You Loved Music, So You Worked In A Record Store…

10-11-10

You loved music, so you worked in a record store…

“It never occurred to me to work in a record store”, says reader Jim Donato.

Uh, it never occurred to me to not work in a record store.  I was in the record store all the time anyway.  The manager noticed me, and told me I should fill out an application, which I did.  After working in two different locations of this particular record store (“Licorice Pizza”), I got offered a job working at their distributor.  From there, I got offered a job working at an record importer.  From that job, I got offered a job to run a record importer and mail-order outfit.  After that job finished, I got offered to run an exporter in England…this paragraph describes roughly 1976 to 1990 in my life.

14 contiguous years of my life were dedicated to working in the music business.  Even after my time in England finished, I spent a few additional years working at record stores and working for a friend running a mail-order CD / poster business.  All together, it must be close to 20 non-consecutive years working “with music” for me.  It’s really only in the last decade that I haven’t actually worked for anybody other than myself, re: music.  I’ve been in my current ‘clerical’ job since 1999.  With any luck, I’ll “retire” at 55.

I have been selling stuff on eBay for the last decade, with varying degrees of success.  Over 500 positive feedbacks, but not without some headaches.  And the fact that I am presently very bored with eBay.  I’m not bored of the extra cash it can generate, but…it’s mind-numbing work to earn it via selling LP’s & CD’s on eBay.  All the stupid questions, all the mis-communication between seller and buyer (and vice-versa).  In the end, it sometimes feels like the only entities making any real money out of eBay transactions are eBay and the US postal service.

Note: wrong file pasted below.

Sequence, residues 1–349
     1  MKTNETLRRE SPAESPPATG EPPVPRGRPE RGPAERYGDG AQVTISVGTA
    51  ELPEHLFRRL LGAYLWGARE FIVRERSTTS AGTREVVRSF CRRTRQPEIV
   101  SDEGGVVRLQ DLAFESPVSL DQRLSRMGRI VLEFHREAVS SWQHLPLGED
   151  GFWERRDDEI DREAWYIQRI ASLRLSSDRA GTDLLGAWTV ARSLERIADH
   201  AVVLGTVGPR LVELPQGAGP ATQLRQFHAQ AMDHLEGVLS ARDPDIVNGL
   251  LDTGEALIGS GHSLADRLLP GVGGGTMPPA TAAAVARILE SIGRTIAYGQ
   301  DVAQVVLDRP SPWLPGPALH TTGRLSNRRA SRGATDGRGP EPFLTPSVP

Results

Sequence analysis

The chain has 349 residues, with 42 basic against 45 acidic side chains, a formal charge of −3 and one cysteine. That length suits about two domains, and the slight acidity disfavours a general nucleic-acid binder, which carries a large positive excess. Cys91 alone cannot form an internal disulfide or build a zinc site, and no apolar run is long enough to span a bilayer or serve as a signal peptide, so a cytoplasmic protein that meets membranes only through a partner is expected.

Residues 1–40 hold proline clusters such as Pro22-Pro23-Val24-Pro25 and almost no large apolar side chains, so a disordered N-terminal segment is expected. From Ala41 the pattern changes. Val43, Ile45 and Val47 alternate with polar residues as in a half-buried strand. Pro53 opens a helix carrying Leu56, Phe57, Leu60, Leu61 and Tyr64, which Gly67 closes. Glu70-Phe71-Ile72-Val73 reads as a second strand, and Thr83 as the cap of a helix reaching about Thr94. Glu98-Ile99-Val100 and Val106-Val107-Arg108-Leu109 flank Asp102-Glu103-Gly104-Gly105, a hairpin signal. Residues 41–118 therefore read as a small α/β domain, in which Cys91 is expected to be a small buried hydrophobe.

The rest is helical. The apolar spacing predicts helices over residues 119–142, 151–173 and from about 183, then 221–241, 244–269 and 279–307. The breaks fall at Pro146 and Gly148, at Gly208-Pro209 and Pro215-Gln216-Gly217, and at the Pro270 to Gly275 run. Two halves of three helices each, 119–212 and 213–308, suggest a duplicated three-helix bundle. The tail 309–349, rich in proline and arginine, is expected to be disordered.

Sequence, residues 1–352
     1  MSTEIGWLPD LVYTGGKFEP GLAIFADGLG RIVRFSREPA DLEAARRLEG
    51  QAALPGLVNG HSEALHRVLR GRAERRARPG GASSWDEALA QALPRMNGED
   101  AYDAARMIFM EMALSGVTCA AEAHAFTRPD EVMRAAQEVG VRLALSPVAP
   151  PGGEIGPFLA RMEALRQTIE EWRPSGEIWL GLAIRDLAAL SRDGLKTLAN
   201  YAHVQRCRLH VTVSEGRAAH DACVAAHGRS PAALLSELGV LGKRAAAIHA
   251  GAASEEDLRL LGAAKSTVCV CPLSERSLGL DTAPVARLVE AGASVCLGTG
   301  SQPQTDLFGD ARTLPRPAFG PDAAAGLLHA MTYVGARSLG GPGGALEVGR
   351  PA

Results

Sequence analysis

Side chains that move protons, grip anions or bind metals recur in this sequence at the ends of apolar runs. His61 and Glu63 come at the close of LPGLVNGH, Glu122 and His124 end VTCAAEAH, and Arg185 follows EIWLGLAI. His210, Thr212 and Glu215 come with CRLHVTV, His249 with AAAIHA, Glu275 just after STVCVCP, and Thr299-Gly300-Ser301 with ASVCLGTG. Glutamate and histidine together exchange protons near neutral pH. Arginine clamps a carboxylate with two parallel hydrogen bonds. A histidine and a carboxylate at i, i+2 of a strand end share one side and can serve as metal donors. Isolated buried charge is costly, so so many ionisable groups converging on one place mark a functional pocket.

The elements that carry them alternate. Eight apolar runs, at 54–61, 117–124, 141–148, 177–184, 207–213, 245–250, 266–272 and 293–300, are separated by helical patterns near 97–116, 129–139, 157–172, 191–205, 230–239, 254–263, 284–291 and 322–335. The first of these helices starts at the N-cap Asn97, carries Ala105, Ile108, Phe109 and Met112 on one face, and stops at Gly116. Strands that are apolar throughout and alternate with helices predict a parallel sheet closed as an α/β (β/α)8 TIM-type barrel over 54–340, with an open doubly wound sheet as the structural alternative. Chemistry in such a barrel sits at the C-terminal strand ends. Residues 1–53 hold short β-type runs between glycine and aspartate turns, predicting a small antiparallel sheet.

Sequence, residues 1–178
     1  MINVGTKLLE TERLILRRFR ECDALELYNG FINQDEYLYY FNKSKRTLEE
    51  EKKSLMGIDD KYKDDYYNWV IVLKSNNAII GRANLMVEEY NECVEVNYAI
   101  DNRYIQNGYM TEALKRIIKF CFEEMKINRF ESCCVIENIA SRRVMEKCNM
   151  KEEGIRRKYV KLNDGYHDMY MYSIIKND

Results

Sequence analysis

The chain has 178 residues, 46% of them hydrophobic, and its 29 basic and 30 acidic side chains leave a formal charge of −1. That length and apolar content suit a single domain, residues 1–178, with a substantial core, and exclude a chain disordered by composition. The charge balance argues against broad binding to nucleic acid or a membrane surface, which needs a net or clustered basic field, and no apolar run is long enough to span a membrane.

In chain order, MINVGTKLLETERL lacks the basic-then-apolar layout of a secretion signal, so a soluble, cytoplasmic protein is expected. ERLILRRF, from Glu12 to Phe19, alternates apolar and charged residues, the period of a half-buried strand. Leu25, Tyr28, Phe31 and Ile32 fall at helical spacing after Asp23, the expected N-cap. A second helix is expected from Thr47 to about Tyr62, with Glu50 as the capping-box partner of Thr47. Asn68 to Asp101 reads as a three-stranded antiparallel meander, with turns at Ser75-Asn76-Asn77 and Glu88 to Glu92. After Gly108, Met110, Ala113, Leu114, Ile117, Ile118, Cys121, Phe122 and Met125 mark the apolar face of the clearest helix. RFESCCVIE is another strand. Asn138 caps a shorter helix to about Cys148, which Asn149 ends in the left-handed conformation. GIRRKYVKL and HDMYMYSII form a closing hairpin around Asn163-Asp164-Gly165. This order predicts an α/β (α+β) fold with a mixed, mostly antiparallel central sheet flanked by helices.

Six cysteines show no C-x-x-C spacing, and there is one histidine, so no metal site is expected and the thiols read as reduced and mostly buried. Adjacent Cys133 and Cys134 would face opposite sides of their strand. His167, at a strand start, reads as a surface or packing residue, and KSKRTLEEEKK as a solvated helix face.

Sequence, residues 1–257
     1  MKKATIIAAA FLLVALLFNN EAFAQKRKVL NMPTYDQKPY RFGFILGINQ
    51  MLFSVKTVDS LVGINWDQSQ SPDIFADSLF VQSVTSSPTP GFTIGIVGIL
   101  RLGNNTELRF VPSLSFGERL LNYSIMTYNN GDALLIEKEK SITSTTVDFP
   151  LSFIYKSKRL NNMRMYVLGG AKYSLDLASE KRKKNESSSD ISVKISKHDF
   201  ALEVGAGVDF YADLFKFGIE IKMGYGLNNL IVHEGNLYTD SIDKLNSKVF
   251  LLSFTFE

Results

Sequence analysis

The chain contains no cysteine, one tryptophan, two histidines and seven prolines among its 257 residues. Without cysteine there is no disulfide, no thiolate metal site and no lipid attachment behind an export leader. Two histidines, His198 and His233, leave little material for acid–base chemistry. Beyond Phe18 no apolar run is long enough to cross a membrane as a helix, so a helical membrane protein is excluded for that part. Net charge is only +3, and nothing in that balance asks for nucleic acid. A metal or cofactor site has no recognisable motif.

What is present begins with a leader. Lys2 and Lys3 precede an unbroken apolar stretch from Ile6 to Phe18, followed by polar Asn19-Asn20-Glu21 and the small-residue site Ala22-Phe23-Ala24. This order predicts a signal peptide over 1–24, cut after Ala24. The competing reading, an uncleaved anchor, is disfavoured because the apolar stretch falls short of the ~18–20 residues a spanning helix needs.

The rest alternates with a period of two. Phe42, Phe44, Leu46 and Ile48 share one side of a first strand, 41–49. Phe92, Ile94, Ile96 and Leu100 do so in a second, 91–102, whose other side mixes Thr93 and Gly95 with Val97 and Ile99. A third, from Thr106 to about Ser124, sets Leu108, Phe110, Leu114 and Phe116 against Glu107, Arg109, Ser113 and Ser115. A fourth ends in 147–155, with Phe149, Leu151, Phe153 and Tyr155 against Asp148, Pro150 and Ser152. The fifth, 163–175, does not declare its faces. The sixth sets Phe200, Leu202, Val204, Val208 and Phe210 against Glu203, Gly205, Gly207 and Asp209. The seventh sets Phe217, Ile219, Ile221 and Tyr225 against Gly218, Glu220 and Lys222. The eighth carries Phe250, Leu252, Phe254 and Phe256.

I do not regret my time spent working in the business of music.  I learned a lot about what interested me.  It was my ‘education’, per se.  I got to travel for my work, which was amazing and invaluable.  I got to make friends with neat people while ‘on the job’, too.

What would I have done, if not “the music business”?  I was not talented enough to be an artist working with visual media.  I didn’t have any friends at publishers, so a writing career was not considered.  I didn’t have a strong disposition about what other industry I would’ve enjoyed – music was it.  My parents had been beauticians, and, believe it or not – that career was ‘offered’ to me…and I did ‘check it out’ – but I knew it wasn’t “me”.

The roads not taken:  Travel agent, zookeeper, hotel desk clerk (Quentin Hotel, Amsterdam – two winters: ’91 & ‘92), pharmacist assistant (only until my current clerical job came through), truck driver (I did used to deliver cartons of records!), post office (only lasted a single day) etc.

As Popeye would say, “I yam what I yam!”: Ex-Music Business.

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This entry was posted in Music Business, Record Collecting, Record stores, Uncategorized and tagged , . Bookmark the permalink.

2 Responses to You Loved Music, So You Worked In A Record Store…

  1. postpunkmonk says:

    Ron as a beautician? That’s so wrong! I knew the career I wanted from an early age [10-11] so not working in a record store made perfect sense to me. I never had a real job until after college. While in college I had a part time job on campus that was directly related to my profession. The only time I worked out of my profession was after I moved to North Carolina and my planned job fell through. Ugh! Living hell time.

  2. ronkanefiles says:

    Hey, it was offered to me. My parents were ‘beauty biz’ royalty, around here. I looked, but I knew it was not me. I also knew from a young age that if I was ever to work, it had to be with music. I was just glad it also provided me with basic office skills, now that I have to do that for a living. Living Hell, indeed.

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